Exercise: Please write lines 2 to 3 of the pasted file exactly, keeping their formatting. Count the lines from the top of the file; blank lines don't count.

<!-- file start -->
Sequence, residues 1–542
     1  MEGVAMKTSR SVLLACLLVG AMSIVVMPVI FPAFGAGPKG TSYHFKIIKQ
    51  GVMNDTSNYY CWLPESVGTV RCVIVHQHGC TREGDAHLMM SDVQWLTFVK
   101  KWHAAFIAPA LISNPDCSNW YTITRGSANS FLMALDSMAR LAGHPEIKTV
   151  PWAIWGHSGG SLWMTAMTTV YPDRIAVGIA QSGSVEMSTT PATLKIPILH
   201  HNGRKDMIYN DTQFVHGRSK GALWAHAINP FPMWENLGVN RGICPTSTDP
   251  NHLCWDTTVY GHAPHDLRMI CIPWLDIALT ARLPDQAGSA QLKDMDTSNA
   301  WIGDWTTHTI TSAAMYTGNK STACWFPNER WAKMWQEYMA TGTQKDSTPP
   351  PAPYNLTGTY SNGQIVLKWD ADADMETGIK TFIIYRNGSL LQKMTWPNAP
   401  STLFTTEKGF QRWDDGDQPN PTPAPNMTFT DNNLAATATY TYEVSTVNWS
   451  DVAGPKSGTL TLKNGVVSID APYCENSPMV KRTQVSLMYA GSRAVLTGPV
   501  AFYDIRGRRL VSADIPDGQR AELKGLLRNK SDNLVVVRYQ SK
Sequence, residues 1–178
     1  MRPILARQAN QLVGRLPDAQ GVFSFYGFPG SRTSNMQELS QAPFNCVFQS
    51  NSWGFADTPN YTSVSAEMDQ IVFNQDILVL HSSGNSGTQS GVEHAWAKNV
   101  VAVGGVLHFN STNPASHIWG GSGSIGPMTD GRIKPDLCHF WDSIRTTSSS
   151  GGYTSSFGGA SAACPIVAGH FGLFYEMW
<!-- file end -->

     1  MEGVAMKTSR SVLLACLLVG AMSIVVMPVI FPAFGAGPKG TSYHFKIIKQ
    51  GVMNDTSNYY CWLPESVGTV RCVIVHQHGC TREGDAHLMM SDVQWLTFVK